As journalist Rajdeep Sardesai summed it up later, “The 2014 election was, in the end, about the chhappan inch kee chhatti (56-inch chest) machismo of the politician from Vadnagar in Gujarat. To quote Right-wing columnist Swapan Dasgupta: ‘For some he was a modern-day Chhatrapati Shivaji who would finally make Hindus come into their own, to others he was the poor boy next door who had made it big in the ugly and cruel world of Delhi and to still yet others, he was the great liberator of the economy from sloth and socialist incompetence. What united these divergent strands was the belief that this victory would usher in proverbial happy days.'”

How has the Trump victory in 2016 been any different from the victory of Modi in 2014? Like Modi, Trump too exuded a no-nonsense, get-things-done approach. Come January, “all things will be possible,” his daughter, Ivanka Trump, had told her compatriots on the last night of the Republican Party convention. And Trump himself assured the crowd that since “nobody knew the system better than me… I alone can fix it.” A non-establishment person, he vowed to invade the establishment and turn it upside down. Just as Modi was an outsider to the administrative protocols of New Delhi in 2014, Trump is an outsider to the administrative protocols of Washington D.C. in 2016.

Both profess to carry the people’s mandate of their respective countries. But the nature and the trajectory of the change envisioned in both cases is highly questionable. Trump’s constant refrain – purposefully stoking the apprehensions of the white working classes in particular – about the threat posed by illegal immigrants to their livelihoods and lifestyles, often manifested itself in an idiom of extreme helplessness.

Thus, the immigrants were described as “flowing in like water,” an irresistible influx, to which the sole solution could be and should be to “take our country back” from them. The hero of this war-like repossession enterprise would be Trump and Trump alone. “Build a wall” hosts of excited supporters egged him on as he hyped up his rants.

Illegal immigration from across the borders featured prominently in Modi’s discourse as well. Among the BJP’s major election planks, deployed in states whose boundaries are adjoining those of Muslim-majority neighbours such as Pakistan and Bangladesh, has been to play up the dangers to the demographic equilibrium of society and to national security represented by the clandestine traffic of foreign nationals into the Indian territory.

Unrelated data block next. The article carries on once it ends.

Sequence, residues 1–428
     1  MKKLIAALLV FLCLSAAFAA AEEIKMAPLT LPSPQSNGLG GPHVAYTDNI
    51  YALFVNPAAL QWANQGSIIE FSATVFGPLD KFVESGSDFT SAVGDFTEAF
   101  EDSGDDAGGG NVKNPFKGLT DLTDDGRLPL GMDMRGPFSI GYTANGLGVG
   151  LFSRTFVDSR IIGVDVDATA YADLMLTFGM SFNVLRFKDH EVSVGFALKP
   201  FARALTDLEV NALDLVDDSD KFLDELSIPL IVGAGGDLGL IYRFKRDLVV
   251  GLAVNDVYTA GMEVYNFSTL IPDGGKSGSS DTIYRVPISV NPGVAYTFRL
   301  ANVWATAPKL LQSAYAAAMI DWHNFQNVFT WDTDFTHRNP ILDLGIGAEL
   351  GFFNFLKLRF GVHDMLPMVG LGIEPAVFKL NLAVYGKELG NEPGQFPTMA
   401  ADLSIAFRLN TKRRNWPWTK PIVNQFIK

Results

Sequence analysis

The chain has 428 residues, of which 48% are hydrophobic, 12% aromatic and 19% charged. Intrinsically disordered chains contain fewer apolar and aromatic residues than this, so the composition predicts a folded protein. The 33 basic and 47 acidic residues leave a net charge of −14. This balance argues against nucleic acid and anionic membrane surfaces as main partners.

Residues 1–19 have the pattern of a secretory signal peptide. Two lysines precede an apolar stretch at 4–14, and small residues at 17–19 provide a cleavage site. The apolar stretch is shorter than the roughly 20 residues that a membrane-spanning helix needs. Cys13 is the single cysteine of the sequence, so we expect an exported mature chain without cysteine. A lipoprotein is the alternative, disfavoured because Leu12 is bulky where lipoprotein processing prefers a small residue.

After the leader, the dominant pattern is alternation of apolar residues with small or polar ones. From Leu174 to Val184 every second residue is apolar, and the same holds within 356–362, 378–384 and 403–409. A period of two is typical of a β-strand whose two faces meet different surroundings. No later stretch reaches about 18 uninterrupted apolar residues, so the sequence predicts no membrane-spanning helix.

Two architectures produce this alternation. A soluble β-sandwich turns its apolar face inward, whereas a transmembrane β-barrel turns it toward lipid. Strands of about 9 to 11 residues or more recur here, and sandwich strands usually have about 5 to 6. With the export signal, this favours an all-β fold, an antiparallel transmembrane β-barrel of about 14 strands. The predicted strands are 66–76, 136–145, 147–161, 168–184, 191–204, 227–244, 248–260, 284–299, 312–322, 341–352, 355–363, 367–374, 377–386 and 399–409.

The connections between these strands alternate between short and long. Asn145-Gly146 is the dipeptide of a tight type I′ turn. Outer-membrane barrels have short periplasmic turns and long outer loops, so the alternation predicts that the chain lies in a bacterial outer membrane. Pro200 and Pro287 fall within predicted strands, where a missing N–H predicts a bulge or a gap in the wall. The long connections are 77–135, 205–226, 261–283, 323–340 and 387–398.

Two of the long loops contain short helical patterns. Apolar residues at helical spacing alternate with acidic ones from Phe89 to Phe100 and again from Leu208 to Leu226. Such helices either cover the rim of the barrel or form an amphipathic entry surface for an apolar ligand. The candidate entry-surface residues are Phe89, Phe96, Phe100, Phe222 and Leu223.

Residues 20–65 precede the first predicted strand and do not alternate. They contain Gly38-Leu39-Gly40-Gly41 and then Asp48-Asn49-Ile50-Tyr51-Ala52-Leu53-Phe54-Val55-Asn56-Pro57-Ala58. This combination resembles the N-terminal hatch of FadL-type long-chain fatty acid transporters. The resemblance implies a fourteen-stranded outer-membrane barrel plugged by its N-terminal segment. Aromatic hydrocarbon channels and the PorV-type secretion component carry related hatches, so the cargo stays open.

This tactic of whipping up a fear-psychosis among naturalised citizens at the prospect of being swamped over by hordes of aliens is ironic in the light of the surreptitious measures being taken by the BJP government at the Centre to grant citizenship status to Hindus from other South Asian nations.

These steps, and the political assumptions attendant upon them, are a part of the Hindu Right’s old, old history of demonisation of Islam and all that Islam stands for. A virulent contemporary articulation of this prejudice came from Modi himself in the wake of the assault on the World Trade Towers in New York City on September 11, 2001. Appearing on The Big Fight – an orchestrated debate that is aired once a week on NDTV – he made it plain that he would not beat around the bush. “It has taken an attack like 9/11 for India’s pseudo-secular media to finally use a term like Islamic terrorism…”

Was this not what Trump too was destined to say a mere 15 years down the line following another terrible terrorist strike in the US, this time in Orlando, Florida. “I refuse to be politically correct. I want to do the right thing. I want to straighten things out. I want to make America great again.”

Was this the shape of things to come that the poet W.B. Yeats predicted when he wrote:

“The best lack all conviction,

The worst are full of passionate intensity.

Surely some revelation is at hand…?”

Tapan Basu is a member of the faculty at the Department of English at the University of Delhi.

  • Krishna

    It certainly looks like Tapan Basu is full of passionate intensity !!!!